They’re cute, they’re funny, and sometimes they’re messy, but what do your dog’s sneezes mean?
It makes sense that you might think of allergens and other particles as the culprit behind your dog’s sneezing fit, then why do dogs sneeze when playing?
If you’ve ever watched your furry friend and wondered, “why is my dog sneezing so much,” we’ve got your list of possible explanations for why dogs sneeze here!
Why do dogs sneeze?
There are a couple of different reasons why pet experts think dogs sneeze, some of which you might’ve guessed. For example, dogs often sneeze because of dust or dirt in the air, pollen, and other particulate matter floating through the air and into their snouts.
Some dogs spend time digging in the dirt and when dirt, bits of grass, or fragments of twigs get lodged in their noses, they sneeze to try to lodge it free. Sometimes, aerosol sprays and other sprayed cleaning products, personal scents, and air fresheners can irritate your pup’s nose. Sneezing might be an indication that they've inhaled something they’re sensitive to.
Dogs also sneeze sometimes as a social cue for humans and other dogs, to let them know how they’re feeling.
Why does my dog sneeze while playing?
Dogs sneeze during play as an indication of their mood, as mentioned above. When a dog gets excited or is having a great time pupping around with you or one of their pals, they might start sneezing.
When a dog is playing and begins to sneeze, it’s their way of letting you and other dogs know that they’re not taking rough play seriously, and that everyone can relax. Sometimes playtime can involve aggressive “acting” like grumbling, howling, baring teeth or biting at one another. That’s why it’s important for dogs to have a behavioral cue to ensure everyone understands that it’s all in good fun!
If you’re wrestling or rough housing with your dog and they start sneezing, they’re letting you know they’re having a blast and they hope you are too.
Why does a dog sneeze back-to-back
Back-to-back sneezes that seem uncontrollable are likely indicative of a sensitivity to something your dog inhales. Most times, dogs will clear whatever is irritating their snout after a few sneezes. Others may take a little longer, so hang in there if your furry friend’s sneezes start to get annoying.
If your pup seems to have suddenly taken on a sneezing fit that won’t quit, even after a few days, it could be an indication of some other health challenge.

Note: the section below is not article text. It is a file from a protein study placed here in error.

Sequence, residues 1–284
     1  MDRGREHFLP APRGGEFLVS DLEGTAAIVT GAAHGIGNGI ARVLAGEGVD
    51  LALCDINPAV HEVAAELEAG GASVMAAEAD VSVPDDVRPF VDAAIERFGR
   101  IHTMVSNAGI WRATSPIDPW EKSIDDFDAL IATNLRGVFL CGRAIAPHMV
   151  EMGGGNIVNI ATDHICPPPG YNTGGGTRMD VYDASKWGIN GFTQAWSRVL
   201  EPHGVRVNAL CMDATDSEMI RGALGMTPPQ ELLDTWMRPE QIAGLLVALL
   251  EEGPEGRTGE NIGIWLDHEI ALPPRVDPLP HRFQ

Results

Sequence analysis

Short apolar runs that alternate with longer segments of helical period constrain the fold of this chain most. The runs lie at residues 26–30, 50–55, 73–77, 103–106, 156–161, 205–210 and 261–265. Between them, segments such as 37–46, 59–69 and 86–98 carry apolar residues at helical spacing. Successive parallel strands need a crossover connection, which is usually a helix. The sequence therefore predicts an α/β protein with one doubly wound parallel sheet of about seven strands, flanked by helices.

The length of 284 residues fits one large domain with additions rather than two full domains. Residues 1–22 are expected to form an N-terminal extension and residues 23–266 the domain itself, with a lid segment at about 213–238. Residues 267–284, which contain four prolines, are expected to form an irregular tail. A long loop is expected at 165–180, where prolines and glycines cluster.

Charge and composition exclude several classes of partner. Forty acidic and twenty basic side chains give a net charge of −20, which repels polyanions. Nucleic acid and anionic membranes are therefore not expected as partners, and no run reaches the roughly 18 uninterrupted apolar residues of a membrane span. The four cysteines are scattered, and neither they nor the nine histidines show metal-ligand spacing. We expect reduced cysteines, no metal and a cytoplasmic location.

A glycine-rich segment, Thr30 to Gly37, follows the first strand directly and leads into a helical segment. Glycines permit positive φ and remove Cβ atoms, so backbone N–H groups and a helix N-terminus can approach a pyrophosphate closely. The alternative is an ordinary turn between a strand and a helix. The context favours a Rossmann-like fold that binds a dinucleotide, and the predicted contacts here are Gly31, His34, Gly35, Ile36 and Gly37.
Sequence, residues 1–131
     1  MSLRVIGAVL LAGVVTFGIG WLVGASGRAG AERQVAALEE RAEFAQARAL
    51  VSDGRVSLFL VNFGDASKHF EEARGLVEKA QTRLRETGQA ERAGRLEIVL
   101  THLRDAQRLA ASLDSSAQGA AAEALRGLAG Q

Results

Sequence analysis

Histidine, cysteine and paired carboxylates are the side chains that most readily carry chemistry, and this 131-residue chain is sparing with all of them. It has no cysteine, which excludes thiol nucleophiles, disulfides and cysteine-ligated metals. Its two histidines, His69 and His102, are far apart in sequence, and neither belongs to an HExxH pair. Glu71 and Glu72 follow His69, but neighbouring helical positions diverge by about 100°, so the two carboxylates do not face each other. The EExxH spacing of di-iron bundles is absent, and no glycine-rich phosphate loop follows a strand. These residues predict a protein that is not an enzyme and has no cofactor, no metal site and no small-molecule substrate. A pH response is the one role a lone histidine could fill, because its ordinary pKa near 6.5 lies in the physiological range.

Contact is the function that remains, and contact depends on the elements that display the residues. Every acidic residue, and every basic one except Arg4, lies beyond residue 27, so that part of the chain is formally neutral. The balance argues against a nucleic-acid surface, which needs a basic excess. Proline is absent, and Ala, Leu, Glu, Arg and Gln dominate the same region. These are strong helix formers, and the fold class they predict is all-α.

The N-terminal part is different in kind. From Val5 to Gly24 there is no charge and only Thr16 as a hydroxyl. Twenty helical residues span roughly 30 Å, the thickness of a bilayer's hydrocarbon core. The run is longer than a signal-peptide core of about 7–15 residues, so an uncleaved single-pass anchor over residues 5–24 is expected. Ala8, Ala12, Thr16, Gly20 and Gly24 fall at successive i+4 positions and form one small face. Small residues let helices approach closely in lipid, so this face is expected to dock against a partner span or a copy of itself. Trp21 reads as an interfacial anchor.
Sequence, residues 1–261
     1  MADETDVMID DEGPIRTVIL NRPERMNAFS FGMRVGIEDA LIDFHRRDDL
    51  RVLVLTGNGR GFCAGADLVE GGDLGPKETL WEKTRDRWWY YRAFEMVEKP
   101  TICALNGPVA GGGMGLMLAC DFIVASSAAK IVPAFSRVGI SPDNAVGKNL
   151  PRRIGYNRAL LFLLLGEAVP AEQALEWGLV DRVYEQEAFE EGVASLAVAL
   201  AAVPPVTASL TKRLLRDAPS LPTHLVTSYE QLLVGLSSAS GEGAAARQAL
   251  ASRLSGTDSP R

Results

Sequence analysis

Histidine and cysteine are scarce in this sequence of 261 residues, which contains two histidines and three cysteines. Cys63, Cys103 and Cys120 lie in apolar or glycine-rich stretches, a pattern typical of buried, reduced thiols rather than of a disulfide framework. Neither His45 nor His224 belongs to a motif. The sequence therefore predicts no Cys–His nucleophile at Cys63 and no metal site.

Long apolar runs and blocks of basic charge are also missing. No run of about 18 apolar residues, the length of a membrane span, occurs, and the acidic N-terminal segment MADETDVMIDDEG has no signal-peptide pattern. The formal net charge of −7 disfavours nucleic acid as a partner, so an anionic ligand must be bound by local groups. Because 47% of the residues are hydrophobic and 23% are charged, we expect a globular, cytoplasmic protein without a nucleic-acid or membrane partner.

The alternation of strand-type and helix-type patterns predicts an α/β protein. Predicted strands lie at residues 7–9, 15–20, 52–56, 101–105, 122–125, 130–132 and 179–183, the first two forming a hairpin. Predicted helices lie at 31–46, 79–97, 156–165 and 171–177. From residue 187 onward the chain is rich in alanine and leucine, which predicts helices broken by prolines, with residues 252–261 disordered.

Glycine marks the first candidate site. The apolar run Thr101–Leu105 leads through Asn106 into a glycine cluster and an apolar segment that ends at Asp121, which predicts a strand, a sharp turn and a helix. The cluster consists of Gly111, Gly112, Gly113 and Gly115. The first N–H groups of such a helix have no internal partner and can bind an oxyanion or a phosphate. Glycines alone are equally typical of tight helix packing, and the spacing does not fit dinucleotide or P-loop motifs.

Brachycephalic Breeds are those short-snouted dog breeds with wide heads. These breeds have narrow nostrils and shorter nasal passages. Some brachycephalic breeds include pugs, American and French bulldogs, boxers, bull mastiffs, and Boston terriers, to name a few. You can find an expanded list from the American Kennel Club here.
These breeds sometimes have complications with breathing, so they can be prone to sneezing as an added complication. They can also be prone to eye and nasal discharge, noisy breathing and occasionally, nasal infections and nasal mites.
You might sometimes hear your dog working through a reverse sneeze, or inhaling while covering the soft palate with their tongues in order to clear a nasal obstruction. If this is part of your short-snouted dogs’ normal clearing behavior, you can relax. If this behavior is new, comes with additional symptoms, or seems to cause your pet to struggle to breathe, get them to your vet.
How to help a pup with allergies or illness
From a dental problem in the back of the mouth to a suppressed nerve, bacterial infection, respiratory infection, or a cellular growth, excessive sneezing can indicate a variety of allergies or illnesses.
Most often, simple solutions from your regular veterinarian can help you understand and manage your pet’s illness or allergies. If your dog is showing signs of pain, has excess discharge from the nose or eyes, is having trouble breathing, or can't stop sneezing, get them to a vet.
Medical attention may be required, especially if your dog has other preexisting health issues or allergies. Pay attention to body language to identify whether your dog is sick, taking note if other symptoms appear. These can include a number of behavioral changes, including appetite loss, chronic itching, nasal swelling, or a persistent cough.
If you’re new to the Charlotte, NC area or recently got a pet and need a good vet, check out our resources page listing the best veterinarians in the Charlotte area here.